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5 Rock N’ Roll Documentaries To Binge Watch With Your Band
Invite your band mates over, grab some 40’s, order a pizza and take notes! Sup Doc has assembled 5 of the best Rock N’ Roll documentaries to binge watch. Oh, and maybe invite your drummer too? We know he can be a pain but he does own the van!
Anvil: The Story of Anvil
Since 1978, Anvil has become one of heavy metal’s most influential yet commercially unsuccessful acts. In 2006, after a fledging European tour Anvil sets out to record their thirteenth album and continue to follow their dreams. This documentary has everything! Dreams chased, dreams squashed, dreams chased again.
This is the sound of optimism: “Everything on the tour went drastically wrong. But at least there was a tour for it to go wrong on.” The optimist is Steve “Lips” Kudlow, lead guitarist in Anvil, a band you’ve never heard of. In 1973, he made a friend named Robb Reiner in Toronto, who had a drum set, and they vowed to make rock ‘n’ roll until they were old. Now they are old, at least for heavy metal rockers.
“Anvil! The Story of Anvil” is a documentary about the moderate rise and long, long fall of their band, where musicians in the two other slots came and went, but Lips and Robb rocked on. “How many bands stay together for 30 years?” asks Slash of Guns N’ Roses, in a backstage interview. “You’ve got the Stones, the Who, U2 — and Anvil.” Yeah. And Anvil.
SOME KIND OF MONSTER
In 2001, Metallica goes into an improvised studio in San Francisco’s Presidio to create a new album from scratch. They’re starting with “no riffs, no songs, no titles, nothing.” For reasons that must have seemed excellent at the time, they invite two documentary filmmakers to film them in this process. Joe Berlinger and Bruce Sinofsky have made some of the best documentaries of all time, including “Paradise Lost: The Child Murders at Robin Hood Hills” (1996), which follows the trial and conviction of three heavy metal fans who almost certainly had nothing to do with the grisly murders they’re charged with.
Sinofsky and Berlinger possibly thought this assignment would be more routine, even music-driven. In fact there is little music in “Metallica” and a great deal of talking, as the three band members (lead singer James Hetfield, drummer Lars Ulrich and guitarist Kirk Hammett) recruit their producer, Bob Rock, to play bass. There is another recruit: A therapist named Phil Towle. The relationship between Hetfield and Ulrich has become poisonous, and Towle’s assignment is to bring peace and healing — or at least the ability to function.
Albert and David Maysles‘ famous documentary “Gimme Shelter” (1970), centers around the Rolling Stone‘s ill-fated free concert at the Altamonte Speedway. It is the best rock film ever made. It is. And you don’t have to like the Stones — or enjoy rock music — to appreciate why the picture holds such a privileged place in film history and American culture. A cult classic, “Gimme Shelter” is more than a concert film. It’s a multi-layered manuscript upon which social, artistic, historical and cultural ideas are scribed.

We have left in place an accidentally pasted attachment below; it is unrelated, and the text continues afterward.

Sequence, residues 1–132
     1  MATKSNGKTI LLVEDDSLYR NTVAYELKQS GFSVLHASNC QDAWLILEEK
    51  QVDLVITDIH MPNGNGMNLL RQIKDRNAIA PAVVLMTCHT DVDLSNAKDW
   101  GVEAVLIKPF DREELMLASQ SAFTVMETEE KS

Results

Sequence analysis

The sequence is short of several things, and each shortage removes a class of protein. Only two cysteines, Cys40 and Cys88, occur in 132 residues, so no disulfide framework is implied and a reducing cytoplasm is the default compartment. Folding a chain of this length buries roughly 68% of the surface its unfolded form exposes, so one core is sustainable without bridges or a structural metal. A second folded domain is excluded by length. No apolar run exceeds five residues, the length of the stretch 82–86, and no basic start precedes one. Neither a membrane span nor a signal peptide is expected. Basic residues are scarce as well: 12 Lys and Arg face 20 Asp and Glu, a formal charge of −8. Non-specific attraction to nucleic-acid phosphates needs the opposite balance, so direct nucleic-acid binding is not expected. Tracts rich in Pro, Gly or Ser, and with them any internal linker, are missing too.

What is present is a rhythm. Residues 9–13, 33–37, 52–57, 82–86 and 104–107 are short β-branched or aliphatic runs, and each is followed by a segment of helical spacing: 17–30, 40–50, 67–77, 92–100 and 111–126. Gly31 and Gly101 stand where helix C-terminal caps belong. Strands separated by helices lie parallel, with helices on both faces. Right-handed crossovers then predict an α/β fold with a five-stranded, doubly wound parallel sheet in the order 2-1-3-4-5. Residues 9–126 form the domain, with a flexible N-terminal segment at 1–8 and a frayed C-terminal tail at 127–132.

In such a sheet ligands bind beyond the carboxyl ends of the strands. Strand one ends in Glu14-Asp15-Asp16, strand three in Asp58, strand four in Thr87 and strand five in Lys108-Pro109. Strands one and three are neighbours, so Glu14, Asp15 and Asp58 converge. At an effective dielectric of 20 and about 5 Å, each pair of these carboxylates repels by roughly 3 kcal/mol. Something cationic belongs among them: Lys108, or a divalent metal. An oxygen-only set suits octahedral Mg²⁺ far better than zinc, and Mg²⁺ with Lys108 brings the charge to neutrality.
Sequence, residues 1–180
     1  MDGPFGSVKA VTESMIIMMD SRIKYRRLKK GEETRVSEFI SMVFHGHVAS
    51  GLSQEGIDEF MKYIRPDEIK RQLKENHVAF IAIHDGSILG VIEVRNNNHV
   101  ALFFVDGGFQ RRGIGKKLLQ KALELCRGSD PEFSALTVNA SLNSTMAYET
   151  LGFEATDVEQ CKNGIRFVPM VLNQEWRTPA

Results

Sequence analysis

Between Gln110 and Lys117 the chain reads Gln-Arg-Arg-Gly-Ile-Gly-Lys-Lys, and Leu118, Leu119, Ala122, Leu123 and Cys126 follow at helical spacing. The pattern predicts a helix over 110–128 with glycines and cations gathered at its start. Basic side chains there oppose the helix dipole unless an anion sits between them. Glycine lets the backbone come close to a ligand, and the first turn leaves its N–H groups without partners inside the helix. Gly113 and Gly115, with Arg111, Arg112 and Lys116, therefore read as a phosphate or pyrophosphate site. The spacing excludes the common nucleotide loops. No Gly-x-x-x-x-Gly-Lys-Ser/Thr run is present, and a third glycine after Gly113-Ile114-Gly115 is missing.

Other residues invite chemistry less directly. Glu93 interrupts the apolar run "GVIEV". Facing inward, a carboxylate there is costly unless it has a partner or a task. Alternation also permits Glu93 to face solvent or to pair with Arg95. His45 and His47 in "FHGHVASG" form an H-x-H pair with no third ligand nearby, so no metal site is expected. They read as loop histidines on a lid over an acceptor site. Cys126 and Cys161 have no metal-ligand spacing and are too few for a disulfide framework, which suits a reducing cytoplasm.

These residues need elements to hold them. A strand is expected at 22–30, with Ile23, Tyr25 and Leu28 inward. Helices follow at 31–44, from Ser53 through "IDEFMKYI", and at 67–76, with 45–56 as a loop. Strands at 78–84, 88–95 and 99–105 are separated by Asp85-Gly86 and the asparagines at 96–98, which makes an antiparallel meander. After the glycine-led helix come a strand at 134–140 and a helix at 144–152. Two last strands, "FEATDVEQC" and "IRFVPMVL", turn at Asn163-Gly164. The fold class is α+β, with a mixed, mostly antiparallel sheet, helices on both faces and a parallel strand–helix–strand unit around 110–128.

A BAND CALLED DEATH
“This is the Ramones, but two years earlier.” — Questlove of The Roots on Death
In the 1970s, three teenage brothers, David, Dannis and Bobby Hackney, formed a rock ‘n roll band called Death. They grew up in Detroit, with loving supportive parents who gave them only one credo: “Back up your brother.” Death never got very far, and their story is a fascinating one, told beautifully by Jeff Howlett and Mark Christopher Covino in their new music documentary “A Band Called Death.” David, the visionary, who came up with the band’s controversial name, died of lung cancer in 2000. F. Scott Fitzgerald may have been right: there may be no “second acts in American lives,” but “A Band Called Death” is a portrait of the good fortune and recognition that can come your way if you just stick around long enough. But it also delves movingly into the bittersweet feelings that come from being a pioneer, someone who is right before it is time. It tells what it’s like to withstand a decade of professional rejection, followed by two decades of total silence, and what it’s like to endure unimaginable loss.
THE DECLINE OF WESTERN CIVILIZATION
This 1981 is about the Los Angeles punk rock scene and was directed by Penelope Spheeris. In 1981, the LAPD Chief of Police Daryl Gates wrote a letter demanding the film not be shown again in the city. The film’s title is possibly a reference to music critic Lester Bangs’ 1970 two-part review of the Stooges’ album Fun House, for Creem magazine, where Bangs quotes a friend who had said the popularity of the Stooges signaled “the decline of Western civilization”. Another possibility is that the title refers to Darby Crash’s reading of Oswald Spengler’s Der Untergang des Abendlandes (The Decline of the West). In We Got the Neutron Bomb, an oral history of the L.A. punk rock scene collected by Marc Spitz, Claude Bessy claims that he came up with the title.
The film is the opening act of a trilogy by Spheeris, depicting music scenes in Los Angeles during the late 20th century. The second film, The Decline of Western Civilization Part II: The Metal Years (1988), covers the Los Angeles heavy metal scene of 1986–1988. The third film, The Decline of Western Civilization III (1998), chronicles the gutter punk lifestyle of homeless teenagers in the late 1990s.
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